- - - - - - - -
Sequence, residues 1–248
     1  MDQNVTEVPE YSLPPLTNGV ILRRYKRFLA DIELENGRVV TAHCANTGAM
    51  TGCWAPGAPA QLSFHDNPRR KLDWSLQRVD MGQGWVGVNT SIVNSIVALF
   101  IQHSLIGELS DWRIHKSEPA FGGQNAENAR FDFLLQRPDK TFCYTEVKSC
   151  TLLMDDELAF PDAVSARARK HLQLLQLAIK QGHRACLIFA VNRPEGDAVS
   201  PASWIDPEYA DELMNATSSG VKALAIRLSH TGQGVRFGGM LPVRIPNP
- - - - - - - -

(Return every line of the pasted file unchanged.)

Sequence, residues 1–248
     1  MDQNVTEVPE YSLPPLTNGV ILRRYKRFLA DIELENGRVV TAHCANTGAM
    51  TGCWAPGAPA QLSFHDNPRR KLDWSLQRVD MGQGWVGVNT SIVNSIVALF
   101  IQHSLIGELS DWRIHKSEPA FGGQNAENAR FDFLLQRPDK TFCYTEVKSC
   151  TLLMDDELAF PDAVSARARK HLQLLQLAIK QGHRACLIFA VNRPEGDAVS
   201  PASWIDPEYA DELMNATSSG VKALAIRLSH TGQGVRFGGM LPVRIPNP